Implantable defibrillators and pacemakers have been around since the 1970s and '80s, but advances in materials science and 3-D visualization are transforming them from burdensome life-support tools to streamlined therapies that could be props from Iron Man.
According to Maggie, quality healthcare delivery is “the most human thing you’ve ever seen in your life!” Working on this groundbreaking project, Maggie became familiar with four powerful insights regarding conversation in healthcare:
Conversation is how people determine quality and value. Conversation has therapeutic value. Conversation allows us to deal with ambiguity. People seek out conversation, even when we make it hard for them.
The researchers say everyone learns in different ways, and past research has shown that students learn best with hands-on, personally relevant tools that utilize powers of observation and audio-visuals. They also note that a person’s memories can change based on an emotionally charged atmosphere. Since music is an emotional medium, it makes sense that our educational memory could be enhanced by it.
I love it when something in the blog leads us to new ideas and insights. Neil Haave, who teaches on the Augustana Campus of the University of Alberta, submitted an article on learning philosophies. (You can find the article in the April issue of The Teaching Professor newsletter) His thinking about learning philosophies was stimulated by his experience evaluating e-portfolios, which were being piloted on his campus, and by a couple of posts on this blog (November 13, 2013 and January 22, 2014). He was struck by how few insights the seniors preparing these portfolios had about themselves as learners and came to the conclusion that they should start writing about how they learn long before the end of their academic careers.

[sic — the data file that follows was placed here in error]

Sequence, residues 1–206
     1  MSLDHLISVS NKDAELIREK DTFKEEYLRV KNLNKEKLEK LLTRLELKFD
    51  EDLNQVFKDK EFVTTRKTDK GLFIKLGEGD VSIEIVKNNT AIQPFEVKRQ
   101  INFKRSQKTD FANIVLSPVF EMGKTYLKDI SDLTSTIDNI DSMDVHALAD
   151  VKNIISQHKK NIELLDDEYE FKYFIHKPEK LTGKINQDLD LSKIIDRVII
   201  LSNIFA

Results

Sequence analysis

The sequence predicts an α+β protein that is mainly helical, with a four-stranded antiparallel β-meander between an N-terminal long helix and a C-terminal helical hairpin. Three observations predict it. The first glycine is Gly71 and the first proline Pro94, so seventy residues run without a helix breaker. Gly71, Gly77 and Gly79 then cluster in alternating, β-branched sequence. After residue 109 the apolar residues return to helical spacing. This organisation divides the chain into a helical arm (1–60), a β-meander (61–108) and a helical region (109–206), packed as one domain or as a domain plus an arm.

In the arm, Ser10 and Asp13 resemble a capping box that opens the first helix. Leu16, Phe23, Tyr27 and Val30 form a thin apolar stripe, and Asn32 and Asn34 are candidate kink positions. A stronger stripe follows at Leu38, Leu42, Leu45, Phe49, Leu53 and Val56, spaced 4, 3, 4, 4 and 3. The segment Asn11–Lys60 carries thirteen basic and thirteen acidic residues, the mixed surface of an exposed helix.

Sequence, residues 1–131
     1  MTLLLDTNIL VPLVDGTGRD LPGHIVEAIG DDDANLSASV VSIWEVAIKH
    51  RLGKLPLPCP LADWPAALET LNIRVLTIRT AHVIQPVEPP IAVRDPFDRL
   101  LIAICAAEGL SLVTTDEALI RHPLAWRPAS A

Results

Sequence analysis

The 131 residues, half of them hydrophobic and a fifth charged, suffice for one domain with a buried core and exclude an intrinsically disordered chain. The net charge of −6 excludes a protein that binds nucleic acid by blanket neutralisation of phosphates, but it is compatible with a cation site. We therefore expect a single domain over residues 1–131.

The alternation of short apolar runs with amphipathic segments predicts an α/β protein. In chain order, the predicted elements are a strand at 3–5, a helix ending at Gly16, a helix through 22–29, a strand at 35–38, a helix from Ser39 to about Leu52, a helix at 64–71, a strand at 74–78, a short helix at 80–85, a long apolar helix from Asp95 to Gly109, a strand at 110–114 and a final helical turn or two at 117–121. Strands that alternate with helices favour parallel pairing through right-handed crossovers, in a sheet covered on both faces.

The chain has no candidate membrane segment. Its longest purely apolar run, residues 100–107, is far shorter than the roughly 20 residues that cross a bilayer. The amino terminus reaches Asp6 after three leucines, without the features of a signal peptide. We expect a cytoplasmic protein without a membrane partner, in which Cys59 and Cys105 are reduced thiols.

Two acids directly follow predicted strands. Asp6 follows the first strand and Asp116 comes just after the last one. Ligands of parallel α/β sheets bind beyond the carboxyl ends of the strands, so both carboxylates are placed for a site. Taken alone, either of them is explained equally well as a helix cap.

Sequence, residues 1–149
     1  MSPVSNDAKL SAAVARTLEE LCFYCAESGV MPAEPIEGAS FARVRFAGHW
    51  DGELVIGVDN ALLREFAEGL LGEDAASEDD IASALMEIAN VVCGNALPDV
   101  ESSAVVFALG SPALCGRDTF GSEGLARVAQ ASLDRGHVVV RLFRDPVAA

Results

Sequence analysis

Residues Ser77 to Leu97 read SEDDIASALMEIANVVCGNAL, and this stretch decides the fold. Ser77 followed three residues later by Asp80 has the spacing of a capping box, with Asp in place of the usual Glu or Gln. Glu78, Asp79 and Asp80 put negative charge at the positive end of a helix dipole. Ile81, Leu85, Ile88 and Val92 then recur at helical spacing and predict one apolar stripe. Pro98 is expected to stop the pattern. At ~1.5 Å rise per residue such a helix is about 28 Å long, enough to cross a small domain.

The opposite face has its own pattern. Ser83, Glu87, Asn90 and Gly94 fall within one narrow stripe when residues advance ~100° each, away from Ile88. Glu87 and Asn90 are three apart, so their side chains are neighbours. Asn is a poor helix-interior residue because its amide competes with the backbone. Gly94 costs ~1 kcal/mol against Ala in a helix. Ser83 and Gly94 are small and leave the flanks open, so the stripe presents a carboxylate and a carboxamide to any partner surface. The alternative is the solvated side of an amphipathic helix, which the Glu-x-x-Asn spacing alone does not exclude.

We believe that these “irrelevant” opening comments and questions serve four key purposes. First, they convey that we see the patient as a unique individual. Given the speed of medical practice, it is not surprising that patients worry that their individual concerns will not be heard.
The 3.0 platform update means that now all the apps have refined drawing tools. Can’t draw a straight arrow? No problem, we took care of that! Want bold, italic, or larger text? We took care of that too! In addition, you can now scale, rotate, and change the opacity of stamps. All this so you can quickly and easily explain conditions and procedures at the point of care.
Vaccine-preventable diseases have many social and economic costs: sick children miss school and can cause parents to lose time from work. These diseases also result in doctor's visits, hospitalizations, and even premature deaths.
Music plays a universal role: inspiring people to dance, come back to problems energized and expresses the verbally inexpressible. I love the idea of using songs to begin or end a class and there are some great resources out there.
Jonathan White never thought more than 1.1 million people worldwide would hear him say the words, “Welcome to Surgery 101!” But then, he never thought he would work closely with a pair of Muppets either.
In September 2008, two students with learning disabilities were admitted to the University of Ottawa's Doctorate in Medicine program. Because both are dyslexic, special accommodations had to be made....